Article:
In fact, I like this idea so much that I took matters into my own hands and, with the help of a guillotine paper cutter, made the conversion myself. But that’s a story for a future post.

 

What I Like:

An affordable price.
A beautiful single column text setting.
An edition that opens flat from Genesis 1.1 forward. 

What I Don’t Like:

A lined margin for note-taking that makes the Bible an inch or so wider than I’d like. 
The fact that all Bibles don't open flat like this. 

The Photos:
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15 Comments on “Crossway’s ESV Single Column Journaling Bible

  1. That looks great; now they need to get rid of the section headings, as well as the chapter and verse numbers. Then we’d have something to work with. Especially if they’d make them Heb/Gk editions (not an interlinear) on facing pages…

  2. Great Bible for young people; but for older eyes…get out your thickest pair of reading glasses… or a magnifying glass.

  3. You can visit amityprinting.com for more information about the bible printing operation in China. Amity is the only printer authorized by the Communist government to print bibles. I believe the leather SCJB is the “Old Format Journaling Bible” listed in the Bible for Overseas section of the website. The paper is 40 gsm thincoat plus if that means anything to anyone.
    The Services section of the website gives you an idea of the equipment they use and includes some photos of their operations.

  4. very nice and easy to carry on.. I like the look..inspiry for reading

  5. I wonder when Crossway is going to learn how to make a readable Bible: Single-column, 11 point font, no cross-references, no bells and whistles whatsoever. I’ve never seen so many Bibles that are so reader unfriendly. Get a clue, Crossway, or sell your ESV rights to someone who cares.

  6. I got the leather cover SCJB, and have had it for about 6mths. I’m loving it! My only disappointment would be that the leathercover is just glued to the cardboard cover, so pulls away if you bend the cover back on itself too often. I’m trying to figure out how I can stitch them together in some way (?)

  7. Excellent find, Sean. They definitely have some interesting Bibles there (I love the illustrated zippered Chinese volume) and judging by the quality of a recent Chinese-printed Zondervan Bible I’ve purchased, they are still improving on methods and materials. I expect the Heritage to be a winner.

  8. Just an FYI for those of you who are considering an ESV Journaling Bible: Be aware that there is a single-column version and a double-column version of the ESV Journaling Bible. I picked one of these up from my local Bible bookstore this afternoon and when I got home, I discovered that it was a double-column setting. I will probably keep this one, since it’s not my “main” study Bible, but I wish that I would have gotten a single-column version.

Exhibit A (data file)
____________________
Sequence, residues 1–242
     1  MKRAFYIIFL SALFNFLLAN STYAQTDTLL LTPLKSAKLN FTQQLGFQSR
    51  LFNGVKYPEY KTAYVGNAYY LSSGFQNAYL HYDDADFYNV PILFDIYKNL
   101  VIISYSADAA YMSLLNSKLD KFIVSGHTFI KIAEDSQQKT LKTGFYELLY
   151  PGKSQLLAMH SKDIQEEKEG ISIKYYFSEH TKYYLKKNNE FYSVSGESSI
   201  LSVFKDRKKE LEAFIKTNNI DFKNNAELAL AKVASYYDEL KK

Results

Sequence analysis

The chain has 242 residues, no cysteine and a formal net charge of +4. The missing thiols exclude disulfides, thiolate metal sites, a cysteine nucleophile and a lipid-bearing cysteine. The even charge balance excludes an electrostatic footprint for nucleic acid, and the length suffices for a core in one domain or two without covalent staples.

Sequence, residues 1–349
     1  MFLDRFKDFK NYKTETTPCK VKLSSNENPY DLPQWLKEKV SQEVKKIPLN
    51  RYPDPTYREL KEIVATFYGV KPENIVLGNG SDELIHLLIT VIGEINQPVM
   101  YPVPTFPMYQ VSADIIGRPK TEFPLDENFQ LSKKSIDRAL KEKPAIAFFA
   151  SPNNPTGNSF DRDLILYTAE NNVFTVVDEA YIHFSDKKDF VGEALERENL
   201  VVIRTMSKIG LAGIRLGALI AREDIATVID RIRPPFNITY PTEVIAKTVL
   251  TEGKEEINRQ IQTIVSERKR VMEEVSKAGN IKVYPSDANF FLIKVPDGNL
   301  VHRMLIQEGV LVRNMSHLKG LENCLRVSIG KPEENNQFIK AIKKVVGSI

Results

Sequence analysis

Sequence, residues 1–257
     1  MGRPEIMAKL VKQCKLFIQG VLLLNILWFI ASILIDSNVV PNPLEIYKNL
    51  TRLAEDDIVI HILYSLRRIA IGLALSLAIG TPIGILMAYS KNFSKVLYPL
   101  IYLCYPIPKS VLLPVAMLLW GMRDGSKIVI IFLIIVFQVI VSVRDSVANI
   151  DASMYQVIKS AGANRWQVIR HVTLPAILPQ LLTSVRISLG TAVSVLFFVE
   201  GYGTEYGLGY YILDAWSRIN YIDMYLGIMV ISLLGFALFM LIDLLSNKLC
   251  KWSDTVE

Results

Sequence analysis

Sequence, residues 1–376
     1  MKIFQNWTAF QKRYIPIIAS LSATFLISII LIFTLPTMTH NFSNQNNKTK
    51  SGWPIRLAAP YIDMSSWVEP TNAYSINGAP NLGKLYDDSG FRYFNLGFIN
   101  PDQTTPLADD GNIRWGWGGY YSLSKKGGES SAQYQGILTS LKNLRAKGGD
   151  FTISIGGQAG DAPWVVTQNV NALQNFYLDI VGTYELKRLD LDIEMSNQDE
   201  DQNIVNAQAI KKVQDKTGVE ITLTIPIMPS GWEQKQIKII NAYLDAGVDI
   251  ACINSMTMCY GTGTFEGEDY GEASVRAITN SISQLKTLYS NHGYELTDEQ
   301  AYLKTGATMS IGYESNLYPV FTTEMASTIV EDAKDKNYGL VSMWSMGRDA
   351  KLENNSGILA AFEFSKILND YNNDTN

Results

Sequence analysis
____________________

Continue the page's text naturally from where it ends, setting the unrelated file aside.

9. Nice review. The ESV Journaling Bible is one of my favorite editions of the ESV.

  10. Mark,
    I see you’ve got a Lamy Al-Star in the photo. Any chance you’ve been using it to jot notes in this edition? If so, is there any bleed through problems? I’m contemplating picking up a hard cover version, but I’ve got a Safari with a fine nib I’d like to use and am curious if that’s wise. I suppose it boils down to this: Does your Al-Star earn her pay or were you simply looking for a pretty face for the photo shoot?:)

  11. Dan, that was the pen I happened to have nearby, not one I would write in this Bible with. I’ve tested the paper with fountain pen ink — Diamine Ancient Copper using an Omas titanium F-nib — and the result was bleed through and some feathering. Different combinations of pen and ink might perform better, so it’s worth testing. However, I’ve been using a mechanical pencil to write in mine … I just didn’t have it with me at the photo shoot.

  12. I picked up a SCJB as an inexpensive way to add a single column ESV to my Bible line up, and I was pleasantly surprised. I got the black hardcover. It looks exactly like a Moleskine: same height, just wider and thicker. The text column is actually narrower than the page of the large Moleskine. So the margins could be brought in to equal the width of a Moleskine and still have a margin of about an inch. I, too, would like to see the marginal lines disappear.

    The font is small, but it’s readable; more readable than the Pitt Minion. I love the off-white paper as well. One of my main peeves about most Bibles is thin paper with heavy ghosting. The SCJB is not perfect, but it’s very good in comparison to some Bible that cost seven times more.

    I have now been converted to the single column format. I’ve had a single column wide margin NASB for a while, but the verse-by-verse format negates the benefits of the single column, so I wasn’t thrilled about the idea. But now I’m sold.

    I’ll eventually pick an ESV Legacy. But for now the SCJB might just fill the role of my primary Bible.

  13. I like the idea since I already write all over the blank spaces of my ESV leather study Bible. But, I am not a purest. I would like a readable font (11pt), cross references at chapter end, notes at page bottom, and graphics and maps included. Ya, that would be good :D

  14. Does anyone make something like this in NASB?!? What’s the closest thing out there to think Bible in NASB? I just bought this one and I love it so far. But I think I’d prefer the NASB.